by Naomi Shihab Nye

She is holding the book close to her body,
carrying it home on the cracked sidewalk,
down the tangled hill.
If a dog runs at her again, she will use the book as a shield.

She looked hard among the long lines
of books to find this one.
When they start talking about money,
when the day contains such long and hot places,
she will go inside.
An orange bed is waiting.
Story without corners.
She will have two families.
They will eat at different hours.

She is carrying a book past the fire station
and the five and dime.

What this town has not given her
the book will provide; a sheep,
a wilderness of new solutions.
The book has already lived through its troubles.
The book has a calm cover, a straight spine.

When the step returns to itself,
as the best place for sitting,
and the old men up and down the street
are latching their clippers,

she will not be alone.
She will have a book to open
and open and open.
Her life starts here.


Instapaper, e-readers, & some articles I've enjoyed recently--

More than books, I've been using my Nook to read longer articles--massive blog posts or long-form journalism that I've saved in my Bloglines account to (supposedly) read some day. Instapaper rocks my world. I've known about it for a long time, but--like the articles--never got around to trying it out. Getting the Nook was a long-overdue push to do so.

If you're not yet familiar with Instapaper, it works like this: you set up a free account at Instapaper, and can either add an Instapaper button to your browser, or manually enter links (while signed into your Instapaper account) to online articles you want to read. The articles stay saved there until you decide to download or print them. You can download them to read on a Kindle, or in ePub format to read on other e-readers (like the Nook); you can print them, or you can read them right there at Instapaper (minus all the distracting ads and clutter that surrounded them at their home on the net). I have a hard time reading long articles online--I'm one of those folks for whom e-ink really is easier on the eyes--and Instapaper in tandem with the Nook means I'm reading longer articles again. It's ridiculously easy to use, and it means I have a steady free stream of fantastic non-book content to read on the Nook.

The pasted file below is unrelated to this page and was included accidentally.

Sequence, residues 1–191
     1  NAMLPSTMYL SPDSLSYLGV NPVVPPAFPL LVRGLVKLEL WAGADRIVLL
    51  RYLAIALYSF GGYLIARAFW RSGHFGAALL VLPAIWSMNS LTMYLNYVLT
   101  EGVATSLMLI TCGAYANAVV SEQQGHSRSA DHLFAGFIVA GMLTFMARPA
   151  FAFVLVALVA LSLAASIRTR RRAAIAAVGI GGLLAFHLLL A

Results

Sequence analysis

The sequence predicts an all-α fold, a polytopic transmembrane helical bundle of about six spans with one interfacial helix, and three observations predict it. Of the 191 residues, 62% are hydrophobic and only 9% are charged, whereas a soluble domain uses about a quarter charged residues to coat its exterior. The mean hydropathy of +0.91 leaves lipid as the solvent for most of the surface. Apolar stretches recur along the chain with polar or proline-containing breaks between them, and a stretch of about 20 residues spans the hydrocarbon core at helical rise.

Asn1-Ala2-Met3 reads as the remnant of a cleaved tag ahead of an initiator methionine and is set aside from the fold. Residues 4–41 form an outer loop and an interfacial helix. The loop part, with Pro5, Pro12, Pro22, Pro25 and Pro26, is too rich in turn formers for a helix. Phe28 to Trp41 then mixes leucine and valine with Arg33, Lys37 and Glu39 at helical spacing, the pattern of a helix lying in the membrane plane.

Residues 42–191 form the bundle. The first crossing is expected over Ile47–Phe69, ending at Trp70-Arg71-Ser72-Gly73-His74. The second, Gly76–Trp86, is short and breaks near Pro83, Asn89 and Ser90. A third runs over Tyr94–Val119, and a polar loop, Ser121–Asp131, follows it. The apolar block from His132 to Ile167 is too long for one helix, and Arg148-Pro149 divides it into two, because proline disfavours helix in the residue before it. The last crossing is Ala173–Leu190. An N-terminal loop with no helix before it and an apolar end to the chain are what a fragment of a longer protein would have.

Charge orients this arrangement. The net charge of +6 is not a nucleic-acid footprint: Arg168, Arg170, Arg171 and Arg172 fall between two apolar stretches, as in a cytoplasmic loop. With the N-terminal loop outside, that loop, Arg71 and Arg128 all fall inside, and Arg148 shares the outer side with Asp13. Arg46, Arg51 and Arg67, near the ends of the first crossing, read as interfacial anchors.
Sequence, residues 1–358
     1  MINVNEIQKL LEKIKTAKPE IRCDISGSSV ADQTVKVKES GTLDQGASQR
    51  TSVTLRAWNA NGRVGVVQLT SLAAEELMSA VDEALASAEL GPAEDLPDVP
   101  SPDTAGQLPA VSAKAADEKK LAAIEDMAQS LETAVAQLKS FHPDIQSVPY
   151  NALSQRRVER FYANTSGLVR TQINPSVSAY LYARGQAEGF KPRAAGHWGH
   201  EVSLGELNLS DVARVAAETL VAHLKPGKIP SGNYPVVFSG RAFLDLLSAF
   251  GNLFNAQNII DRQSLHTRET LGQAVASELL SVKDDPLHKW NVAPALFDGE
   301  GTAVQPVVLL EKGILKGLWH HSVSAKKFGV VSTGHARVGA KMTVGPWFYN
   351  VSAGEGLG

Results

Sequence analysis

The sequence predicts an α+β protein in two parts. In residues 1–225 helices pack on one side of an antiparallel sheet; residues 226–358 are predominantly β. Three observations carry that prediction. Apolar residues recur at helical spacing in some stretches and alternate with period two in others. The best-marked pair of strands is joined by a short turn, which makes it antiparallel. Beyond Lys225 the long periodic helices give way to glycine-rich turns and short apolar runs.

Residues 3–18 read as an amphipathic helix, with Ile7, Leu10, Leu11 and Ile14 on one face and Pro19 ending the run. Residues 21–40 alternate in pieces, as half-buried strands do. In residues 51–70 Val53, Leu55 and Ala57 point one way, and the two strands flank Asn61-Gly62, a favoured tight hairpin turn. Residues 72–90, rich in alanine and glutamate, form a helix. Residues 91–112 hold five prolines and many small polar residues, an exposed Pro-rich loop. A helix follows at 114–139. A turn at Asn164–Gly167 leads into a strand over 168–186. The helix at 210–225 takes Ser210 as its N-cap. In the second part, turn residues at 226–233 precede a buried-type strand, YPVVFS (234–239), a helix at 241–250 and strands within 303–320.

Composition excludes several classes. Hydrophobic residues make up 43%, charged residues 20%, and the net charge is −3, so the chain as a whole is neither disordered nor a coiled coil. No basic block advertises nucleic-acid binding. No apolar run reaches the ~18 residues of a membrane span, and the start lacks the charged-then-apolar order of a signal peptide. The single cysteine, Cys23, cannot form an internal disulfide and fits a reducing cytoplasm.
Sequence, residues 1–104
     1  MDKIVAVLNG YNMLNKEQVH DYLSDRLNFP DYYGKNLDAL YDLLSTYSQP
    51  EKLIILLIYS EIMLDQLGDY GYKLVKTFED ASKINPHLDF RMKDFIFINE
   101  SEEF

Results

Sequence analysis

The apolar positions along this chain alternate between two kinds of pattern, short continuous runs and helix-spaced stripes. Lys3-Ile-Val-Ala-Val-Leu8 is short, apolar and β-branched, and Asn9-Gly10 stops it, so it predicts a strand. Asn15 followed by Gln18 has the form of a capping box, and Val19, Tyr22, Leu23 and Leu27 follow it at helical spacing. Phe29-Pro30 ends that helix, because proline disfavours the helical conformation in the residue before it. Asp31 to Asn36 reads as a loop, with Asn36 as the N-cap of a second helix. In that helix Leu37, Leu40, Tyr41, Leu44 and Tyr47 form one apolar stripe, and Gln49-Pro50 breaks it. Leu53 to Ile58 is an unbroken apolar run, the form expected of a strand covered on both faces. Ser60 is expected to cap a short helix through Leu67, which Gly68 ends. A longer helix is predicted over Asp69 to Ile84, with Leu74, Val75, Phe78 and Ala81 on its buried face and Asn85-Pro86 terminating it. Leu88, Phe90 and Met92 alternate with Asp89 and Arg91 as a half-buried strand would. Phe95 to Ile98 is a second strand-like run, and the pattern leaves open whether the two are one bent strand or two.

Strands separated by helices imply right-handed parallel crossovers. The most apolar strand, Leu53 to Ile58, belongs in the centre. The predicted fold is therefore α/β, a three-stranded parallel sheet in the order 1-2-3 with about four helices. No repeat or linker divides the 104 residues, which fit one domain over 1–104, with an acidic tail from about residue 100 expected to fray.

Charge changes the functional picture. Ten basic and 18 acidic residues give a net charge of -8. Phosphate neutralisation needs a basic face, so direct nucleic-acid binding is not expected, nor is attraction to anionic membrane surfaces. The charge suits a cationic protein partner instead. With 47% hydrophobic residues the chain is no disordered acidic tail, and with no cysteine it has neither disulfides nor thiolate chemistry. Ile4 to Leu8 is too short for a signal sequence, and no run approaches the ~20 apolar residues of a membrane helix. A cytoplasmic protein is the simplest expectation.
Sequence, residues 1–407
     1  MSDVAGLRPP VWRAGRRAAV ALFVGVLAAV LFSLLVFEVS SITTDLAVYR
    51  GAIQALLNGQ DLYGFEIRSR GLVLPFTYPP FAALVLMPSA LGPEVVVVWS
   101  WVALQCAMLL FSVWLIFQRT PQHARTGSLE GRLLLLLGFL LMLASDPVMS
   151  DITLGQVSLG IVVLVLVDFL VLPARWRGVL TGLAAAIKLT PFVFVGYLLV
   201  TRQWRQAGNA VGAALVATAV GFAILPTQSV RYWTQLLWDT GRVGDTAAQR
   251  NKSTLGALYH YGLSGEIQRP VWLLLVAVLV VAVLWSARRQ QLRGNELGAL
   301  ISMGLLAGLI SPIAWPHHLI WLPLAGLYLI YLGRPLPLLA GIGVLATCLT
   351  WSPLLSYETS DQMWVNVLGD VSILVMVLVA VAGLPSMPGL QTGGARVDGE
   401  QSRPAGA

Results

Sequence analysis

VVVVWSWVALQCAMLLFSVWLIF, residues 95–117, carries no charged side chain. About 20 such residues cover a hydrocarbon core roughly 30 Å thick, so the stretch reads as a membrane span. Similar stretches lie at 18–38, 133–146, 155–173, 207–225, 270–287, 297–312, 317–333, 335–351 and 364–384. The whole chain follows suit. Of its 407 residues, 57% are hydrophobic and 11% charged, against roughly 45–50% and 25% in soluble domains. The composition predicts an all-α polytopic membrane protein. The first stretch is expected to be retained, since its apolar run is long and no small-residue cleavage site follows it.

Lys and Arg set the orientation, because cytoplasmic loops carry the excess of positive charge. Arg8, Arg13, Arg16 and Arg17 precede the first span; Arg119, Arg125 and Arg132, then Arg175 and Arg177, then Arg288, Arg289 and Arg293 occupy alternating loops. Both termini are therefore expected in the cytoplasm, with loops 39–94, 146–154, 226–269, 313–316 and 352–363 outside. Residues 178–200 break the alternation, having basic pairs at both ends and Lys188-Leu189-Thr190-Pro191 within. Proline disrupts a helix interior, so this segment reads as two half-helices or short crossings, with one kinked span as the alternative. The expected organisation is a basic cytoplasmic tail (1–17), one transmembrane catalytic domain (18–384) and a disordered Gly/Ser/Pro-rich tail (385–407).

Some pieces I've recently enjoyed and recommend:

*"The Surprising Satisfactions of a Home Funeral" by Max Alexander (Smithsonian, March 2009)

*"Google's Book Search: a Disaster for Scholars" by Geoffrey Nunberg (Chronicle, August 2009) (a smart and entertaining look at troubled metadata at Google Books)

*"Spar" by Kij Johnson (Clarkesworld Magazine, October 2009) (a deservedly award-winning science fiction short story)

*"Washington, We Have a Problem" by Todd Purdum (Vanity Fair, September 2010) (on a US president's day in the age of 24-hour news, among other impediments. This made me a little more sympathetic to the current administration, and to any future administration--it's astonishing how many barriers there are to getting anything accomplished these days in Washington. We absolutely do have a problem, unless something gives. Highly recommended)

*"Letting Go: What Should Medicine Do When It Can't Save Your Life?" by Atul Gawande (New Yorker, 8/2/10) (Of all of these, this is the one I'd most strongly urge--physically, if I had to--people to read. Important stuff)

In other e-reader news: you can now (haven't tried yet) get Lifehacker and other Gawker blogs in your e-reader via Calibre, and digitizing your own books is becoming popular in Japan, creating demand for more bookscanning-friendly scanners. I'd love to be able to put some of my favorite books that aren't yet (and many never be) available in ebook form on the Nook. If you're interested in more ebook news, TeleRead is an excellent blog for it.